Tomorrow's Challenges
Ref: TC020-19

Article



Revolut: could allegations of Russian involvement sidetrack a fintech revolution?

Revolut recently got an EU banking licence from Lithuania but it's facing some political headwinds

By Professor Arturo BrisArturo Bris and Gerda Zigiene

Revolut has been one of the biggest disruptors to the banking industry in recent years. The fintech company is intent on revolutionizing international payments – and it has.

With traditional banks, international payments are monopolized by the Swift system. Customers pay a hefty fee for transfers, which very often do not require any effort on the part of a bank. Instead, Revolut offers an easy-to-use wallet which enables a customer to transfer money between currencies, free of charge. A wallet can include US dollars, UAE dirhams, as well as cryptocurrencies like bitcoin and ethereum.

In the short time since it was founded, Revolut has attracted more than 3m customers. It now has an EU banking license, which means it can start offering current accounts and loans to clients across the EU. But politics in Lithuania, where Revolut gained its banking license, could cause some serious issues for the new bank.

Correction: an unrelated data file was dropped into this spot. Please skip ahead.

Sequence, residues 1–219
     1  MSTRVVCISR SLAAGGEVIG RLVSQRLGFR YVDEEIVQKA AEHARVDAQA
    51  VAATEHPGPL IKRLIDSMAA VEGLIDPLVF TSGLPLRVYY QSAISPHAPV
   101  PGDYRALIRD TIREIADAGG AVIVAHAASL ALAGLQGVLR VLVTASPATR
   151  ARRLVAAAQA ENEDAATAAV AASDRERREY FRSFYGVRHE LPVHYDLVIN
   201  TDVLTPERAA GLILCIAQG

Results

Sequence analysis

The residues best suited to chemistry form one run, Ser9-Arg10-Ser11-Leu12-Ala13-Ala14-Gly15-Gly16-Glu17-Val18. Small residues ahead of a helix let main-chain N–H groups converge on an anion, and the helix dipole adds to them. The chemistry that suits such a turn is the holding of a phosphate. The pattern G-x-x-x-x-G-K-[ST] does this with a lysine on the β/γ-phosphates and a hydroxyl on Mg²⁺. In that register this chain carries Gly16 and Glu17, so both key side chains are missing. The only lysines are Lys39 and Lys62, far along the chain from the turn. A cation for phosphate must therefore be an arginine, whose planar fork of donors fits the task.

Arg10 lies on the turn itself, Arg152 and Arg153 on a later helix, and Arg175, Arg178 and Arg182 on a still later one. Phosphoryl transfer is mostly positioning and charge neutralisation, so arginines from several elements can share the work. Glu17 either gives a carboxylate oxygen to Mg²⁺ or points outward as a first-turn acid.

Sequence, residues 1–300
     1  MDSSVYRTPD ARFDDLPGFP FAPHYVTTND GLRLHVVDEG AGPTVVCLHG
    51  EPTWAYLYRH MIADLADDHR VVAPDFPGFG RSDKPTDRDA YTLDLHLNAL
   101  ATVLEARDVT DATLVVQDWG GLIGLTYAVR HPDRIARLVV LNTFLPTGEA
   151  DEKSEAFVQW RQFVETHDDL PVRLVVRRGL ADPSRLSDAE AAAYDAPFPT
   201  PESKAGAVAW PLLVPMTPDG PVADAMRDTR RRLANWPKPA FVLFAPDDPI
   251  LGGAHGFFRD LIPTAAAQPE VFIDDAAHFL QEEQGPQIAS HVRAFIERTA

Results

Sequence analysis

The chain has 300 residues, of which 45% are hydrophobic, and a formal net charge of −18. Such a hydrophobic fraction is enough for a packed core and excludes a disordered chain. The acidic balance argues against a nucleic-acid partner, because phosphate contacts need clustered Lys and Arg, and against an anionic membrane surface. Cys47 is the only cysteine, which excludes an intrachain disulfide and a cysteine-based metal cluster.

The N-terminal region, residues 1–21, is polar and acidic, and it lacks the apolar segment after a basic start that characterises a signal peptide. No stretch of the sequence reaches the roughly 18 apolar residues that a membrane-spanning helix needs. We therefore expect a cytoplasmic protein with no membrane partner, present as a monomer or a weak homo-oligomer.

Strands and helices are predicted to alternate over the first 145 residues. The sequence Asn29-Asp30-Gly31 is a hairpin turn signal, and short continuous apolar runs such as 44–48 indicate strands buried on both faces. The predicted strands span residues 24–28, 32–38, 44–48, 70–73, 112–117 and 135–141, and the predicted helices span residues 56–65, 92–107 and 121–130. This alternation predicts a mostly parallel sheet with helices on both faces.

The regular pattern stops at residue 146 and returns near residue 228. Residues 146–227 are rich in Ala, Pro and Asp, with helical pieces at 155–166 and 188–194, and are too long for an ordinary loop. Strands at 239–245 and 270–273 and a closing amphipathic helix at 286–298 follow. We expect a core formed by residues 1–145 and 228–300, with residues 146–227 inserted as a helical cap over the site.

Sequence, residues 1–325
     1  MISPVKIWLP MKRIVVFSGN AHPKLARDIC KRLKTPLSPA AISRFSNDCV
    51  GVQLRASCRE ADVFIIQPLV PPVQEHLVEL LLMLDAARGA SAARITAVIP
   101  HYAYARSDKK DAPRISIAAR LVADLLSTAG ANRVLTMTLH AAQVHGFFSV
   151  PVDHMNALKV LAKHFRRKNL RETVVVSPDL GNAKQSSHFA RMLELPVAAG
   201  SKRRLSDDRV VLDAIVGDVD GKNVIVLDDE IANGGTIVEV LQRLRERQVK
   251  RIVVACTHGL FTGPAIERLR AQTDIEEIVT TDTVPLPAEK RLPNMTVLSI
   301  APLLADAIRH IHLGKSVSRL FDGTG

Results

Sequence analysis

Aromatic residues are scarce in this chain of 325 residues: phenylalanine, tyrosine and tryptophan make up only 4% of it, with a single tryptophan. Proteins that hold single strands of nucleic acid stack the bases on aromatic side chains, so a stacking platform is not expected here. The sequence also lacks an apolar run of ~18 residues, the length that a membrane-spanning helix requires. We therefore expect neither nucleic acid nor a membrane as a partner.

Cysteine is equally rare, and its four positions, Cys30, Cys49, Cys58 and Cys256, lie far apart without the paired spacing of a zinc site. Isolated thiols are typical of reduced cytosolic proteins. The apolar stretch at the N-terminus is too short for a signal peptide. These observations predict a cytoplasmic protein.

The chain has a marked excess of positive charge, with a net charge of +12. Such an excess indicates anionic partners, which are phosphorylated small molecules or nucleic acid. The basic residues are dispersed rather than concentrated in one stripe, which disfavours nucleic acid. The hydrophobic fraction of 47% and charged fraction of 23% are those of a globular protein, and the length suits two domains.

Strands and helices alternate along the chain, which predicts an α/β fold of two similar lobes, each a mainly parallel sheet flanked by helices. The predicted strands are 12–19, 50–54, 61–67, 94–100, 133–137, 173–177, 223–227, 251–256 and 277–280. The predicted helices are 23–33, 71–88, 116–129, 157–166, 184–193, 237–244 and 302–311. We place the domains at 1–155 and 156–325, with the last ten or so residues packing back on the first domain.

Looking to Lithuania

Founded in the UK in 2015 by Nikolay Storonsky and Vlad Yatsenko, Revolut was originally regulated by the UK’s Financial Conduct Authority. Under its rules, Revolut was not classified as a bank and any money deposited had to be ring-fenced in an account with a regulated bank. But amid the prospects of a hard Brexit, and the opportunities provided by a larger EU banking market, Revolut started looking for a eurozone-based banking license.